Small environments are sensitive to the slightest change and tend to have a broad interpretation of this. And the photography environment all over is a microcosm… To the superficial, outside observer, the fact that the artistic direction has undergone a paradigm shift between the third and fourth edition of the Landskrona Foto Festival is spectacular. It must be hiding something…

And yet, those who look a little more carefully at the 2016 programming may be able to note that it’s not a complete break from what has gone before. Not the essentials in any case. As was the case during the first three editions, arthouse photography lies at the nub of the matter. Contemporary photography, that of today, amidst the diversity of its formal proposals, in the extension of its aesthetic, ethical and, in a broader sense, political challenges. Obviously this does not preclude looking at the history, that of images like that of the world, since it can make one’s thought processes richer somehow. Nor does it preclude the presence of animated graphics, of video or of the installation, which are proposals that have come from artists who have matured in the practice of photography and who think about its intention. The means chosen are not neutral, but nor are they mere tools. The essentials, the meaning, the challenges, the function and the place of creation in a contemporary world will always continue to be coloured by dramatic crises.

However, changing artistic direction involves changes. In tastes, in networks, in the way of thinking and processing. It’s not about going against what has gone before but rather developing it, opening the field to determine the foundations in a more solid manner, so as to enable things to move forward.

For this we’ve tried to recreate the festival in terms of Landskrona’s overall plan with regards to photography. The city aims to become THE photography city in Sweden, Scandinavia indeed, and is duty bound to enter into dialogue with neighbouring geographical zones, from the Baltic States to Germany and from Russia to Holland. This must manifest itself. Be perceptible in the city. Hence the decision to leave the halls and rooms, adorn public space for extensive periods, as much in partners’ shop windows as structures set up in the parks, near buildings in which exhibitions are hatching. It is both a proposal for the visitor to discover the city and a practical consideration about what public space, so often privatised by advertising or market challenges, can and must be. It’s essential that this semi-staging of visual creation has meaning, on pain of becoming a mere decorative effect. For this reason, in this year of transition, which is also synonymous with experiments paving the way in future years to an even more considered outdoor programme following the resolving of technical complexities, from the staged image to be found near the Theatre, to that of the Citadel debuting at the festival, we consider the history, the document, in the form of both a testimony and a narrative whilst, outside, today’s artists are forcing us to think about the issues of climate change.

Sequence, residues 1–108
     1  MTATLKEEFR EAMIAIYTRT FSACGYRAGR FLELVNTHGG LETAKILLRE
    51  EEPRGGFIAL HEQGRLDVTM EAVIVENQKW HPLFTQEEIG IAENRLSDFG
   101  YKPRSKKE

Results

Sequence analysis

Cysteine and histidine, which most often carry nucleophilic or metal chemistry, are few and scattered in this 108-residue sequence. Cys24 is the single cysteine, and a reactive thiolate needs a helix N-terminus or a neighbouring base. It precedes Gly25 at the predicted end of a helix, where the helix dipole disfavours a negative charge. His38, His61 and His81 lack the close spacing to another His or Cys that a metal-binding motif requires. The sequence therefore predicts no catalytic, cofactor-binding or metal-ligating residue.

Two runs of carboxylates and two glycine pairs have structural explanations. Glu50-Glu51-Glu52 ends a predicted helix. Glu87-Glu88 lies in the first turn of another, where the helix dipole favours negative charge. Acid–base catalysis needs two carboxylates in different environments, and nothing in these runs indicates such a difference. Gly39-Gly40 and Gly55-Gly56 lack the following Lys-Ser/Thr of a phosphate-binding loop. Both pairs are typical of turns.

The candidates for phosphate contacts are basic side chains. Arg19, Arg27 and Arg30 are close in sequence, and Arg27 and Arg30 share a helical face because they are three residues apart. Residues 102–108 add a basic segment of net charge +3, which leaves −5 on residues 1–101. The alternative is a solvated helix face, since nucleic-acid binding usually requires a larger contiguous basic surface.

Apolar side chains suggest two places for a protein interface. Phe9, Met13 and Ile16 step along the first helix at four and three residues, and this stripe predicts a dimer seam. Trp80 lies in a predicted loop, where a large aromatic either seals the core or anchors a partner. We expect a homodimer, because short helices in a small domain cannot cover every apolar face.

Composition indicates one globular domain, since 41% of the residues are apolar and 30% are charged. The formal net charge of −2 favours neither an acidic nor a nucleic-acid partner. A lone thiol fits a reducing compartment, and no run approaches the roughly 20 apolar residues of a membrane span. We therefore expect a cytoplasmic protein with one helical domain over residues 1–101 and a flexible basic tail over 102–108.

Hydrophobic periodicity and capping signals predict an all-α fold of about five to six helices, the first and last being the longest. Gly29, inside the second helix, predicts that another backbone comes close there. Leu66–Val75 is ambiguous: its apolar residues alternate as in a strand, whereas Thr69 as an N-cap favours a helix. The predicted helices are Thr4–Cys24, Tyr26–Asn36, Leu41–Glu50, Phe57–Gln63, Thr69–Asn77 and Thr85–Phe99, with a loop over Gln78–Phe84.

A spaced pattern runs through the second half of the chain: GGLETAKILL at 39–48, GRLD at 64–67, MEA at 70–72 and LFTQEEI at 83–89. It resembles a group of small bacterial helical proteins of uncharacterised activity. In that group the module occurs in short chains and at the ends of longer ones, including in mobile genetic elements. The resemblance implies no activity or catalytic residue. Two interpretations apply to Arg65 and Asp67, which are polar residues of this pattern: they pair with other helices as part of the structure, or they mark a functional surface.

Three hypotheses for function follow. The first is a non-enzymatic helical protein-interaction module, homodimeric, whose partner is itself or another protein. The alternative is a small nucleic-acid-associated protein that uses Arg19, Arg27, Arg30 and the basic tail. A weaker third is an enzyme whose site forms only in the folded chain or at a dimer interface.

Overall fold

We’ve chosen not to develop a theme, which might have led us to get locked in, but rather to allow the criss-crossing of expressions we consider to be complementary. And finally, without it being a didactic desire, directions are appearing which show themselves to be utterly contemporary. Because the notions of identity, genre as much as me, because the issues of memory and because the relationship with nature are all current, they run across the programme.

We also wanted to really mark the fact that photography, images and their readers are affirmations of opinions. This is true from the choice (the production and interpretation of images is never simply the organisation of a succession of choices) of shot through to the methods of use, which are so numerous and so varied today. By inviting a gallery with a unique identity to exhibit, by asking a collector to show us a sample of the treasures garnered over more than quarter of a century, we wanted opinions to be expressed, which are not necessarily shared by ourselves, but which make sense. We’re convinced that it is through the confrontation and coexistence of different and complementary opinions that the approach of today’s images, a central issue that affects us all, can and must be enriched.

To take a step towards the affirmation of Landskrona as a ‘city of photography’ we’ve set out exhibitions with the Museum programme, on the premise of upcoming constructions which must be developed as far as possible in advance. We’re convinced that, if we want the city to become what it aspires to be in relation to image, its inhabitants must be targeted and appealed to. From the presence of works in the public space, for which we must consider further development possibilities, to the proliferation of participatory initiatives, of which we’re barely scratching the surface this year, we’d like to celebrate photography, as well as bringing to public attention the artists without whom the festival could not exist, create a feast for the eyes, stir up emotion, get people to think about the image and its current issues, transformations and possible future developments.

2016 is a step forward for Landskrona Foto Festival. It’s not a departure, but simply the hope of creating an ambitious socially-aware project for images.

Christian Caujolle
Jenny Nordquist